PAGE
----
[EM] Symetric Completion equals "falsification"?

Chris Benham chrisbenham at bigpond.com
Tue Jan 20 07:24:02 PST 2004

  Quoting Woodall (in the context of equal preferences not being allowed 
except for truncation),

"Symetric Completion.
A truncated ballot should be treated in the same way as its symetric 
completion. (The symetric completion of a ballot is obtained by 
replacing it by all possible completions of it with equal weight chosen 
so that the total weight is 1. For example,if there are five candidates 
a,b,c,d,e, then the symetric completion of a ballot marked ab consists 
of six ballots, each with weight 1/6, marked abcde, abced, abdce, 
abdec,abecd, and abedc.)"

"Symetric Completion" is the title of a criterion/standard that he has worded more like a standard.
The "should" is a value that is expressed by the standard, not Woodall himself.
(Woodall is not big on "justifying" standards/criteria, but rather in showing which combinations
are possible and which are not.)

Mike Ossipoff (Tue.Jan.20,2004):
"A guess: Does a method meet that criterion if it gives an unchanged result 
after a truncated ballot is "symetrically completed"?"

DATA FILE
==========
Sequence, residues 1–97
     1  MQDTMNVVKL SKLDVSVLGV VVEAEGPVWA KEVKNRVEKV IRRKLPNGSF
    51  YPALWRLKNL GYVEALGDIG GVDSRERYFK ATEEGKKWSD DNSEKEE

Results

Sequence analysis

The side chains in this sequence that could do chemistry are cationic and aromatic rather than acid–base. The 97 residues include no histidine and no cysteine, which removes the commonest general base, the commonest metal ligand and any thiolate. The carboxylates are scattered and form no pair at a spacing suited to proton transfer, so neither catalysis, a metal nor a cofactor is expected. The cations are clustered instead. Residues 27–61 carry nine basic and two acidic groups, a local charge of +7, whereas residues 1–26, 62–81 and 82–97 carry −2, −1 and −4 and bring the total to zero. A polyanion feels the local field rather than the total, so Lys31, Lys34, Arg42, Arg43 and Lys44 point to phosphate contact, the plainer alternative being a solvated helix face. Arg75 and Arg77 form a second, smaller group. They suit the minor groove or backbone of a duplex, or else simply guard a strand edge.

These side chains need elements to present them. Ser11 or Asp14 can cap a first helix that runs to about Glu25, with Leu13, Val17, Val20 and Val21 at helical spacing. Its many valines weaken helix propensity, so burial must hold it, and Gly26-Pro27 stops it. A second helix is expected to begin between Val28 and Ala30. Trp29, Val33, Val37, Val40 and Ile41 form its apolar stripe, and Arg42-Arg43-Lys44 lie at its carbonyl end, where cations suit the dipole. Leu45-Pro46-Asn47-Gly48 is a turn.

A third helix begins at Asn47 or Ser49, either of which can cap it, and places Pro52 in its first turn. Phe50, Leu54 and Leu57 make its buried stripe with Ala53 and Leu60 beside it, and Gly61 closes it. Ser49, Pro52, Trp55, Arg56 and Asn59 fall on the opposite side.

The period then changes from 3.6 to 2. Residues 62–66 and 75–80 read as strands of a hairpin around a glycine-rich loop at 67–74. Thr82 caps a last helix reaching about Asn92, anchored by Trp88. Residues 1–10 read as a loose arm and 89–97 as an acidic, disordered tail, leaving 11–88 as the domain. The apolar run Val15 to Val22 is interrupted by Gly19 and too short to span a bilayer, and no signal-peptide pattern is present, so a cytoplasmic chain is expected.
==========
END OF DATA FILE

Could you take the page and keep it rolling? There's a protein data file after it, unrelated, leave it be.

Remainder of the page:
That is my interpretation. The Woodall quote above is the only definition I have seen.

Let me try to restate some points more clearly. If there are three candidates ABC and two voters
show up to vote, and both have A as their first preference and are indifferent between B and C,
and one votes
[ ]B
[ ]C 
and the other votes
then in my humble opinion, it is common-sense (and reasonable) for those two voters to expect that
their votes would  have the same effect ("be treated in the same way", as Woodall puts it).
If the method allows equal early preferences, then it is unfair (and in my opinion absurd and very
bad) that a faction of voters that all vote a set of candidates above all other candidates should 
be advantaged or disadvantaged (at least on average) by voting equal preferences.
I think of this "Decisiveness Fairness Standard" as being linked (at least in principle) to SC.

MO:" If a ranking doesn't give support to a particular candidate, could it be that the voter didn't 
want to give support to that candidate?"

What exactly does "give support" mean? That phrase smacks of confusing ranking with rating. Pure
ranking is not about "giving support" to candidates; it is only about voting candidates over other
candidates. Therfore, assuming that you accept  that a ranked candidate has been voted over all the
unranked candidates, "not ranked" and "ranked equal last" is in effect the same thing and therfore a 
"symetrically completed" ballot has not in any meaningful sense been "falsified". 

Chris Benham

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